How do you get it ?
Legionnaires' disease is caused by inhaling airborne droplets or particles containing viable legionella
The legionella bacteria is to be found widely in natural waters eg lakes, rivers, streams etc.
In nature numbers appear to be too low to cause any problem. The danger arises when we provide
an environment particularly suited to this bacteria.
To appreciate the chain of events leading up to
exposure and possible infection it helps to know something about the bacteria.
The legionella family is a large one. Over forty different species of the bacteria have been identified
and legionellae-like amoebal pathogens are also proposed. Most members of this family are
However something like seven or eight are known to cause the disease and one in
particular predominates in its virulence to humans.
This particular species is referred to as Legionella pneumophila, and accounts for almost 90%
of legionnaires' disease infections. Of this latter species there are some sixteen sero groups, of which sero group 1 is the most
virulent, accounting for some 50% of L. peumophila infections .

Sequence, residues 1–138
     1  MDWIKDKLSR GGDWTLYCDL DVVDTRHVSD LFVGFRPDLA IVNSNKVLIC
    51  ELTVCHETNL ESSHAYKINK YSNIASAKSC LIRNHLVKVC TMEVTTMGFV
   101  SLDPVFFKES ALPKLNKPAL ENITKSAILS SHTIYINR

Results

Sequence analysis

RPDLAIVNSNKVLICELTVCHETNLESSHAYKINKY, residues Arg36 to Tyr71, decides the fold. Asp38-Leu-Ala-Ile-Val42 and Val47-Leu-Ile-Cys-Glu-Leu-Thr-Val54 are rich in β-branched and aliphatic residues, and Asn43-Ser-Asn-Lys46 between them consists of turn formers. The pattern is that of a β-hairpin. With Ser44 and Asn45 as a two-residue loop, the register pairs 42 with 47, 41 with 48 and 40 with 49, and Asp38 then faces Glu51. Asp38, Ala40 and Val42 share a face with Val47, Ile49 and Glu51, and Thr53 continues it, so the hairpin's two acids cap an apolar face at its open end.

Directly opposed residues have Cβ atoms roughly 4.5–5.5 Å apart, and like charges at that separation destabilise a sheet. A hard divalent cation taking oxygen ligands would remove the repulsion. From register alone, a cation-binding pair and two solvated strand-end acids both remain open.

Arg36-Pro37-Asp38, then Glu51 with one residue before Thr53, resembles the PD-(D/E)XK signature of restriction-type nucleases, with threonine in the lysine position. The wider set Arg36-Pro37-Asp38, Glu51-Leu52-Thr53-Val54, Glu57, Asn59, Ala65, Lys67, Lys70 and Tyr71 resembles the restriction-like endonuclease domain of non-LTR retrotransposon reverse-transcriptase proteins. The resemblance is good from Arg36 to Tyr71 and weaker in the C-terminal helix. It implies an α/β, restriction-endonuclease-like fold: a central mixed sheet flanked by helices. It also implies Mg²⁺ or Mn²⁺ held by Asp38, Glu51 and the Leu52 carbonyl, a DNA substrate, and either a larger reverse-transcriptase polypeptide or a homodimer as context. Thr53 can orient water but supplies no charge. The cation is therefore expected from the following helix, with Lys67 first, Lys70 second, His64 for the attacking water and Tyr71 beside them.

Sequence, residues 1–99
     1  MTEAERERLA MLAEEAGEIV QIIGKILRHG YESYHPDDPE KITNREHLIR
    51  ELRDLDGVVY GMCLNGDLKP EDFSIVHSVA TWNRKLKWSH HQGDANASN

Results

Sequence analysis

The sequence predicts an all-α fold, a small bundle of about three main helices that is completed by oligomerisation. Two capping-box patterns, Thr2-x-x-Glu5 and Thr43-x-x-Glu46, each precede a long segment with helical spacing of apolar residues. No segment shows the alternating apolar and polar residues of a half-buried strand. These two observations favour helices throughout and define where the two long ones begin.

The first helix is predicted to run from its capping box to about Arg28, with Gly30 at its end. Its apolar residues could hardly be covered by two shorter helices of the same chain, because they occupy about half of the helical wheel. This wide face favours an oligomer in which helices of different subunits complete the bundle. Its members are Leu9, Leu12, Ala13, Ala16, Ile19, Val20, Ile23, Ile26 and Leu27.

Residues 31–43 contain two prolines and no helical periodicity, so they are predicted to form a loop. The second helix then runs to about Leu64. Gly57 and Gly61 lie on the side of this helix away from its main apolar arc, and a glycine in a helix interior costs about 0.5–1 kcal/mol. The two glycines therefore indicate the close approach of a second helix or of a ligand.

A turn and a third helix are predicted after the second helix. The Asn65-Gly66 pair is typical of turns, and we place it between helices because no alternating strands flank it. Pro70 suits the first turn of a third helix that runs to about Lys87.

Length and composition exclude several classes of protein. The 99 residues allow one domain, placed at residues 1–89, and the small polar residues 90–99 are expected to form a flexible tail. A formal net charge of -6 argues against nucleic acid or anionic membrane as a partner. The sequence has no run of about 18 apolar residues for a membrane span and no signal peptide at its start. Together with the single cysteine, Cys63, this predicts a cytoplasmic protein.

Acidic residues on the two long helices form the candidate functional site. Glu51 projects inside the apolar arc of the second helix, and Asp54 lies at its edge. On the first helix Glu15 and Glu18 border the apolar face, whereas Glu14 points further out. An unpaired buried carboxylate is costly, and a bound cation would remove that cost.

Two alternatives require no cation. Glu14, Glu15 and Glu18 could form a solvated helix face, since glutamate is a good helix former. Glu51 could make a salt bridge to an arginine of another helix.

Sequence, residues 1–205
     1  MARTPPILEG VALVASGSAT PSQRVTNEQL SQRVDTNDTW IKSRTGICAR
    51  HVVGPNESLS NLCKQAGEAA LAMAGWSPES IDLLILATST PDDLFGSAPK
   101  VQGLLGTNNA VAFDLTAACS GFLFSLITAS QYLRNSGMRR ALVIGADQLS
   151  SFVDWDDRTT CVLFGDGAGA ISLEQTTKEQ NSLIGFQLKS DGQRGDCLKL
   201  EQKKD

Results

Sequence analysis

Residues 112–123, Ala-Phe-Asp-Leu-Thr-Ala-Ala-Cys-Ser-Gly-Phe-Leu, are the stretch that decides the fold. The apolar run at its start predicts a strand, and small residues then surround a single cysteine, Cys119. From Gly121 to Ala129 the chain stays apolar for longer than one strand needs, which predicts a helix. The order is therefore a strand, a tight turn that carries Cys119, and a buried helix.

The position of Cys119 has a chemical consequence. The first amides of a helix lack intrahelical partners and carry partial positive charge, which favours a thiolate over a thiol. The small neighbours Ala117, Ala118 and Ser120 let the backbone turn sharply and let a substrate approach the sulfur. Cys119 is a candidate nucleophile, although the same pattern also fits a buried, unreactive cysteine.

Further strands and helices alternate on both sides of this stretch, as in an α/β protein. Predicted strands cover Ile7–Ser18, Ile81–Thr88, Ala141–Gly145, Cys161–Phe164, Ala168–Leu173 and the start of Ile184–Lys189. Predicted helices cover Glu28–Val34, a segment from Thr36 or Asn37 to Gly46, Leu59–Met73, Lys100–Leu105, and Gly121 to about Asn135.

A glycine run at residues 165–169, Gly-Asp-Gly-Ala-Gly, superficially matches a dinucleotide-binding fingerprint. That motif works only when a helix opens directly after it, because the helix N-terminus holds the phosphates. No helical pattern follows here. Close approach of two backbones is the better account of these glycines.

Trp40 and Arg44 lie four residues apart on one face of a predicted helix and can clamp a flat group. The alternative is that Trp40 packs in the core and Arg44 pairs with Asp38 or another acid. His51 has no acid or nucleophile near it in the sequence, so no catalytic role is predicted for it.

Legionella is a water borne 'gram negative' bacteria.
This means that it is a relatively delicate organism with a
thin cell wall structure.
Typically sausage shaped, and some 2-6 microns long, usually with a thin
flagella when found in nature.
It has a high tolerance of different environmental conditions.
At below 15oC it becomes dormant. It can survive higher temperatures better than most bacteria, even up to 80oC for short periods of time.
Free legionella are destroyed easily by UV light and by a range of chemical biocides.
It has one characteristic that favours its ability to withstand adverse environmental conditions.
It has the ability to infect, grow and multiply within larger tougher cells such as amoeba and protozoa.
It also uses algae as a habitat in which to live. Eventually rupturing and releasing many legionella into
This latter behaviour can make it very difficult to eradicate the presence of legionellae once colonisation of a water
system has occurred.
Where nutrient is severely limited the interface between liquid and solid is more likely to be higher in
nutrient then the bulk of the liquid.
This will encourage the formation of biofilms (or slimes) on
otherwise clean surfaces.
In turn the biofilm will act as both nutrient source and protected environment
Thus acting as a source of outbreak for infection at a later date when conditions are
more favourable. This also has implications for the validity of sampling for legionella and for
determining the effectiveness of cleaning and disinfection operations.